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National Audit Office to investigate New Deal


After several years of conflicting reports and claims from the scheme's supporters and detractors, The National Audit Office is to launch an in-depth study into the success of New Deal, which should provide an objective view of how the scheme has fared.

The Audit Office will investigate how many young people have secured sustained, unsubsidised jobs as a result of the scheme, and how much this has cost to achieve. Since the scheme was introduced nationally in April 1998, over 500,000 18-24 year-olds have begun the programme, receiving training, help with job searching and either subsidised employment or full-time education at a total cost of around £1.48bn. Around 250,000 of those have found work. The government has always promoted what it sees as the successes of the scheme on a regular basis, last week quoting new figures from the National Institute of Economic and Social Research which it says show the economy is richer by half a billion pounds a year due to the Government’s investment in New Deal. Typically this report followed one from two academics which claimed that New Deal has done "relatively little" for those it is meant to help.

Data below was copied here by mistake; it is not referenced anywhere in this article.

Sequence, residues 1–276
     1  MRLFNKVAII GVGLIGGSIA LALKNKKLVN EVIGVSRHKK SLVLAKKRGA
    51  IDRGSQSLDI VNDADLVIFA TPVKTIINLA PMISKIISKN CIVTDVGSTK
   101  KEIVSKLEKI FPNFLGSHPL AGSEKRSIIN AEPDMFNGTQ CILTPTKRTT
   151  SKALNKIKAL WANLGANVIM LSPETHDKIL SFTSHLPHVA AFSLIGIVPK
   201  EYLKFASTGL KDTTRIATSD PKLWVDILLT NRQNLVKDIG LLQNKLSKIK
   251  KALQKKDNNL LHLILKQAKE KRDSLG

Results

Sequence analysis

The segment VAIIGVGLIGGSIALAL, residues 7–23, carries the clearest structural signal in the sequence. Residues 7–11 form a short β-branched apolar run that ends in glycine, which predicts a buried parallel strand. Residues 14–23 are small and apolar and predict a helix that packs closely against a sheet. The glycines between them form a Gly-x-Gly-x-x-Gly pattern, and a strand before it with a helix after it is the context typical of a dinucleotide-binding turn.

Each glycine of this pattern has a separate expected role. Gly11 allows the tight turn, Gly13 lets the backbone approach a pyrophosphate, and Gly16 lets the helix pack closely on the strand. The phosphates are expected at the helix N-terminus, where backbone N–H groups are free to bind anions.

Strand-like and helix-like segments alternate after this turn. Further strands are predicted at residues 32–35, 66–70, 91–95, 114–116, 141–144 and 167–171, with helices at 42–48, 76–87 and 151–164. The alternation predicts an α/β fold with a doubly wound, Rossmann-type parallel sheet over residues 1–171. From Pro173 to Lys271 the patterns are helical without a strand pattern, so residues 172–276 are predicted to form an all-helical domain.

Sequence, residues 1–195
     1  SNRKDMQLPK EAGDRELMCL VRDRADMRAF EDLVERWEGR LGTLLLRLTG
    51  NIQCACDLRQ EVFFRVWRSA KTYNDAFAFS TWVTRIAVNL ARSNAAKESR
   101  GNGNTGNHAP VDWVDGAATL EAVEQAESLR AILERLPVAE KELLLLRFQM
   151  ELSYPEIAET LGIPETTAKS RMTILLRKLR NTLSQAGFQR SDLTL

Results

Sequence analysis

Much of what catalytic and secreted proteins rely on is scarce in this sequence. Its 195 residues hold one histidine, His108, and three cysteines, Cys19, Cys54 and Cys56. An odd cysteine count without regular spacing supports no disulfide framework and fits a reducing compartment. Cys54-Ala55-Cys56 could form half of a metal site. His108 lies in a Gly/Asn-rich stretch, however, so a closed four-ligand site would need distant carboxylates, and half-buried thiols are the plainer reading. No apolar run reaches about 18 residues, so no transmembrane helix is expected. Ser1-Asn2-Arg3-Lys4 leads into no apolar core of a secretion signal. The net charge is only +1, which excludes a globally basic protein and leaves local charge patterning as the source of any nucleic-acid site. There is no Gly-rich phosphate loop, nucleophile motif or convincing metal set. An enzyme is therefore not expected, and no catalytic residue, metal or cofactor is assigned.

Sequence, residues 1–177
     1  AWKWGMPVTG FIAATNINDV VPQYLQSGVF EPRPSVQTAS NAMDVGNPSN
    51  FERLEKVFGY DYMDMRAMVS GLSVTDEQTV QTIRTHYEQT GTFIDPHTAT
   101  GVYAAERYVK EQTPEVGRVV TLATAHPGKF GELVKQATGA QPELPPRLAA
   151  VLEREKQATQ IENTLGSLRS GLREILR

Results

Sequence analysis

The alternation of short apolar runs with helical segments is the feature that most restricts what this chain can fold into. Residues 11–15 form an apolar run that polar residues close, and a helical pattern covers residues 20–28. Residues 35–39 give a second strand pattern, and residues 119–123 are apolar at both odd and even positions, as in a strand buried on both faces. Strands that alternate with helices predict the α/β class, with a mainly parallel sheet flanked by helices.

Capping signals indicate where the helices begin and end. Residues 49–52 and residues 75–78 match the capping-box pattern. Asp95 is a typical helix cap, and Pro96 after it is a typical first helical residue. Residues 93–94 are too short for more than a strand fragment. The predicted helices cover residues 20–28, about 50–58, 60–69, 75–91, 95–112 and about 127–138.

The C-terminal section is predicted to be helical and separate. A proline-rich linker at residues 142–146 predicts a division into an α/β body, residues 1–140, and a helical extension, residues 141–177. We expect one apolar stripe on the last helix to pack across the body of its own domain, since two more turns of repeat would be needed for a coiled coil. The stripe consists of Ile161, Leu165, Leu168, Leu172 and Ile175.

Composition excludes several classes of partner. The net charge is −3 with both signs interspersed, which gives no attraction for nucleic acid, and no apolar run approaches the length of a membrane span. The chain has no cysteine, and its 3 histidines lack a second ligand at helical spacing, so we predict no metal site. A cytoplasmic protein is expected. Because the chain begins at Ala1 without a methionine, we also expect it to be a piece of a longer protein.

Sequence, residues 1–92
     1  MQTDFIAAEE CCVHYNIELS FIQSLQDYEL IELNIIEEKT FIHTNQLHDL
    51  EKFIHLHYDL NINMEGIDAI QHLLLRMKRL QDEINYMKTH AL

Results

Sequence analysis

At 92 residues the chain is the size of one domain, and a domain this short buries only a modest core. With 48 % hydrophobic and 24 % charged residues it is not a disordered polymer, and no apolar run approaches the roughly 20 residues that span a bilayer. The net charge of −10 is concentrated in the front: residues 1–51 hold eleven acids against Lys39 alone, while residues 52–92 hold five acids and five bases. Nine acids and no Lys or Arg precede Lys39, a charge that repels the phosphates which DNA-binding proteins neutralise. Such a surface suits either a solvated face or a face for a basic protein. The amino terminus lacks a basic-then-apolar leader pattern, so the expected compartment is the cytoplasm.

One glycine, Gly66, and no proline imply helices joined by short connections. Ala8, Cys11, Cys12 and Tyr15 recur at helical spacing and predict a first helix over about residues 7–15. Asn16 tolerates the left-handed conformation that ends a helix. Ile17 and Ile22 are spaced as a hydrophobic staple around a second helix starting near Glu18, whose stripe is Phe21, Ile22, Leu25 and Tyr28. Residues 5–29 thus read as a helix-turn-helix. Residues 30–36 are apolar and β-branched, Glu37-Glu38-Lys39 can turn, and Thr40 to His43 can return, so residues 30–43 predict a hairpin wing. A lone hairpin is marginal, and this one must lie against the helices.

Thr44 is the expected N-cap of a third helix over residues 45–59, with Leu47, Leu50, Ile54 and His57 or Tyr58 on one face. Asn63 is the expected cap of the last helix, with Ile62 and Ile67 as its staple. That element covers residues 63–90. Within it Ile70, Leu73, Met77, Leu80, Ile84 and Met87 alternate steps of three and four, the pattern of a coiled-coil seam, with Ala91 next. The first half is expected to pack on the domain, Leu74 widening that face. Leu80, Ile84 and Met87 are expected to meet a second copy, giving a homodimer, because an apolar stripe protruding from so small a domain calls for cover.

The government and the Conservative party have long been in dispute over the exact figures involved for New Deal participants, each party using different interpretations of the figures to support the case that either the scheme is being successful (the government) or that it is an expensive failure (Conservative party). With the National Audit Office responsible for auditing the accounts of all Government departments and agencies, the hope is that the report will provide a definitive view on the strengths and weaknesses of the scheme so far.

An NAO spokesperson told TrainingZONE that the Audit Office decides which studies to undertake on the basis of value for money and importance. Although the Audit Office itself decides which studies to undertake, it receives and considers suggestions from MPs and other outside sources. Although the spokesperson was unwilling to say where the impetus for this study had come from, the Independent on Sunday reported yesterday a spokesman for the NAO had told the paper that the investigation had been prompted by a complaint about the New Deal from the House of Commons Public Account Committee, which oversees the running of the National Audit Office itself.

Since the findings of the study will not be published until the Autumn, they are likely to have little effect on the government's general election campaign, although the results could be controversial. The Independent reports that the Conservatives are unhappy with the timing of the report, as they would like at least interim results to appear before the election takes place.


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